Original Research

Home environment, pre-schooling and children’s literacy in sub-Saharan Africa francophone

Alexis S. Loye, Madri S. Jansen van Rensburg, Emile Ouedraogo
African Evaluation Journal | Vol 10, No 1 | a650 | DOI: https://doi.org/10.4102/aej.v10i1.650 | © 2022 Alexis S. Loye, Madri S. Jansen van Rensburg, Emile Ouedraogo | This work is licensed under CC Attribution 4.0
Submitted: 23 June 2022 | Published: 22 November 2022

About the author(s)

Alexis S. Loye, Department of Research, Measurement and Evaluation, Ministry of Education and Early Childhood Development, Fredericton, Canada
Madri S. Jansen van Rensburg, Resilience Analysis Consulting, Johannesburg, South Africa
Emile Ouedraogo, Université Virtuelle du Burkina Faso, Ouagadougou, Burkina Faso


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Abstract

Background: The sustainable development goal (SDG) 4.2 calls to ‘ensure that all girls and boys have access to quality early childhood development, care and preprimary education so that they are ready for primary education’. It is then important to identify early childhood literacy drivers for better decision-making in education.

Objectives: This research investigates the impact of pre-schooling and home environment effect on children’s literacy in sub-Saharan Africa francophone countries.

Method: A total of 21 933 Grade 2 children participated in the regional assessment of literacy in 14 countries. Items on cognitive skills were used to assess children’s literacy skill. A contextual questionnaire was used to collect data on the home environment and children’s characteristics. Descriptive statistics, logistic regression and inverse-probability-weighted regression adjustment were used to estimate the impact of pre-schooling and home environment on children’s literacy skill.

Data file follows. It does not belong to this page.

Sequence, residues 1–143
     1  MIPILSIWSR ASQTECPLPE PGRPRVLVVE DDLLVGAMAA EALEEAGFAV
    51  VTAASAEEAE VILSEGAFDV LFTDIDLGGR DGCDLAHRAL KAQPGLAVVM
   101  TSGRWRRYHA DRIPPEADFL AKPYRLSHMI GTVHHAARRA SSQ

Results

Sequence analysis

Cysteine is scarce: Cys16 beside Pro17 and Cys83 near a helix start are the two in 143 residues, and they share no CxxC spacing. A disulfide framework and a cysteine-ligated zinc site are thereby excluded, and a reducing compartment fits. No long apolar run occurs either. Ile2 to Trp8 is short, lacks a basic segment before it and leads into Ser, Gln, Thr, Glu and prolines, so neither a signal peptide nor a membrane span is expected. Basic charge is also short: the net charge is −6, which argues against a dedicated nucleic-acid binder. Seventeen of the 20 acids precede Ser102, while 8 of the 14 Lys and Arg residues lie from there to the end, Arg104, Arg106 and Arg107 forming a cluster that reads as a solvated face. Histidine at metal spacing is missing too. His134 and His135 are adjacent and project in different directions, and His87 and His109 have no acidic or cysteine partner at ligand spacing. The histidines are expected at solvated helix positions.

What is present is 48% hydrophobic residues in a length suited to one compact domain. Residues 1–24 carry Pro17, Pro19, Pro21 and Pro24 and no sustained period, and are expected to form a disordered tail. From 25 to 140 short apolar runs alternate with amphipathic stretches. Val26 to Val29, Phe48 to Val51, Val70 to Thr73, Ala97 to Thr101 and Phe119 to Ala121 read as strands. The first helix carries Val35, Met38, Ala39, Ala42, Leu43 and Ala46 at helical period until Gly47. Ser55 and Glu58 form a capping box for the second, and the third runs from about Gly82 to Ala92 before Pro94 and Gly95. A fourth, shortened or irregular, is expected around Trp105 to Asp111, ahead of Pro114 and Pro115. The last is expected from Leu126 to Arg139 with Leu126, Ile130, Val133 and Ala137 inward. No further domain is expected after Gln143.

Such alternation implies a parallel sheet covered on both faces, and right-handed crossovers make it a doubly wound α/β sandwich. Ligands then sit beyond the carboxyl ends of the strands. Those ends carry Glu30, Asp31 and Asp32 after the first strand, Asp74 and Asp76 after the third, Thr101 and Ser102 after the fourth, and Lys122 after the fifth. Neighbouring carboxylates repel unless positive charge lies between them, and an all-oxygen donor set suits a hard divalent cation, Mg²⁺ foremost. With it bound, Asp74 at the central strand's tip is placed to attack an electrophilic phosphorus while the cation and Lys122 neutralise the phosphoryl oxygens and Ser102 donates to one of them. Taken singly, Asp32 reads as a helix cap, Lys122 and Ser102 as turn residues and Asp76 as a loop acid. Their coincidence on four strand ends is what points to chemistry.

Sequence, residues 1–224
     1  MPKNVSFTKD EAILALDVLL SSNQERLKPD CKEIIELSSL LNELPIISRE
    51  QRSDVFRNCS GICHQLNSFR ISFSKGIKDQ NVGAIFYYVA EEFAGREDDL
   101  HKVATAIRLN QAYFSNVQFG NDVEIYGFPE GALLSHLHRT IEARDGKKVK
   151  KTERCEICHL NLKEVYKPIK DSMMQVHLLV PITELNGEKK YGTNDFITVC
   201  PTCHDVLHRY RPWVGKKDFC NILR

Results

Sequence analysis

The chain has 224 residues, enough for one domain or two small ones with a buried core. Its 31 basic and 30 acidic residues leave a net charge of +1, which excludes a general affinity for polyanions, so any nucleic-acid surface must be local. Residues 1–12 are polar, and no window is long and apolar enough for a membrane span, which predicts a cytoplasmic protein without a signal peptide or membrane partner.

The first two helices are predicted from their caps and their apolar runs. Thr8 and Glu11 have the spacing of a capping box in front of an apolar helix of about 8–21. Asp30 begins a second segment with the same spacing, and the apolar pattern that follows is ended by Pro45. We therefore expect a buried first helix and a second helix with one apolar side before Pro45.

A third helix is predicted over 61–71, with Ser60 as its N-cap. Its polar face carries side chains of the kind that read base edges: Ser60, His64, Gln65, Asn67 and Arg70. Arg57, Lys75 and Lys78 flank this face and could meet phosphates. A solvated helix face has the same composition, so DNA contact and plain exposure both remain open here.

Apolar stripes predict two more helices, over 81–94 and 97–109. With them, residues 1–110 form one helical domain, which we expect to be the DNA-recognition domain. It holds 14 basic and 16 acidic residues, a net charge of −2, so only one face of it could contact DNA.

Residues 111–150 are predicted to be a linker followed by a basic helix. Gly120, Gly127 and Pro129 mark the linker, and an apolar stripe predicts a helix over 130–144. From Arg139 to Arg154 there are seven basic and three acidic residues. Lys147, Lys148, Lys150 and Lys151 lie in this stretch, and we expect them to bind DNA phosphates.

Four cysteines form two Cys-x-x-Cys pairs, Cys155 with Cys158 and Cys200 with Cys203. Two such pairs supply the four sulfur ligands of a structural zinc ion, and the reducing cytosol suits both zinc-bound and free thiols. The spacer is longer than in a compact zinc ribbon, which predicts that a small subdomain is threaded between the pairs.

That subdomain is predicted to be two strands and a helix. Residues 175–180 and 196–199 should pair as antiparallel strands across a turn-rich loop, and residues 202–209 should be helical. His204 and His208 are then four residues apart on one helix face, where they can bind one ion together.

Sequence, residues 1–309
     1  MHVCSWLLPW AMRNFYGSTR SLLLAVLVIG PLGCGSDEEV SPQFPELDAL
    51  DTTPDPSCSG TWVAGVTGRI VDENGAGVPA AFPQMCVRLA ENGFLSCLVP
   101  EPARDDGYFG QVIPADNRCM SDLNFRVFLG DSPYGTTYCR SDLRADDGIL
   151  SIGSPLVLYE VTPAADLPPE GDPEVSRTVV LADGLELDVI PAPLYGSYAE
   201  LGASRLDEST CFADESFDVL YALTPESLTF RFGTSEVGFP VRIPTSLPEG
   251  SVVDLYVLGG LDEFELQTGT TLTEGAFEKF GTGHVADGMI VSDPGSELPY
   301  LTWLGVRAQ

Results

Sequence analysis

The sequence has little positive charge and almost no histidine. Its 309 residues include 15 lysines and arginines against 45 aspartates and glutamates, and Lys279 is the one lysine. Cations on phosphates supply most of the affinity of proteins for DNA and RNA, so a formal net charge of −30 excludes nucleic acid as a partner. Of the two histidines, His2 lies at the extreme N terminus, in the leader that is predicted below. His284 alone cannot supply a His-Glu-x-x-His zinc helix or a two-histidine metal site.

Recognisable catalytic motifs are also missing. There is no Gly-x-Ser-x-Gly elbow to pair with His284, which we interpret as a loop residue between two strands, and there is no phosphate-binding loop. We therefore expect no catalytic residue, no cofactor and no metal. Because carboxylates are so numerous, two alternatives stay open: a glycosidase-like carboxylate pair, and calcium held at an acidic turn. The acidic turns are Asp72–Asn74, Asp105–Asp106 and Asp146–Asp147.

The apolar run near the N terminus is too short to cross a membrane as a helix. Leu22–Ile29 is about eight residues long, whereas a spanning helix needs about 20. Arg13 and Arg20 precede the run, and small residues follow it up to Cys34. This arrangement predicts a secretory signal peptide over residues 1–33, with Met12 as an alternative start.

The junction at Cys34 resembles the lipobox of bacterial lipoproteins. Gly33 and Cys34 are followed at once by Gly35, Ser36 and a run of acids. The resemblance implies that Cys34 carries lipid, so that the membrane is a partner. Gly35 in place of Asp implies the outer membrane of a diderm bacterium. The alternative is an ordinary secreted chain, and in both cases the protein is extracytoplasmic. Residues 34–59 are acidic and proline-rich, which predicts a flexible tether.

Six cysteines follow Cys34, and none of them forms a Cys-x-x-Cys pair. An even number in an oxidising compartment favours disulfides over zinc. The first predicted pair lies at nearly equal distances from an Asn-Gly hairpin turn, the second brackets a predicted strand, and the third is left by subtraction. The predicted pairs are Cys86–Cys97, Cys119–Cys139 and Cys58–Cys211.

Results: At least 57% of children in Grade 2 did not have the literacy skill required to pursue their learning without difficulty. Only 28% of children attended preschool. Home-language and reading at home have the highest effect size on children’s literacy skill. Attending preschool improves the percentage of children capable to pursue their learning without difficulty by 10%. Furthermore, that improvement is 15.7% for children who attended preschool. Impact of pre-schooling varies between countries and slightly across gender.

Conclusion: Findings of this research call for better access to pre-schooling and better home environment to improve children’s literacy skill. The research will contribute to efforts of the sub-Saharan Africa francophone countries to achieve the SDG 4.2.

Contribution: This research contributed to fill the knowledge gaps on Early Childhood literacy in the Global South. It highlighted home environment drivers and the impact of preschooling on children’s literacy skills in the Global South.


Keywords

preschool; evaluation; literacy; early childhood; home environment; education; gender; francophone; Africa

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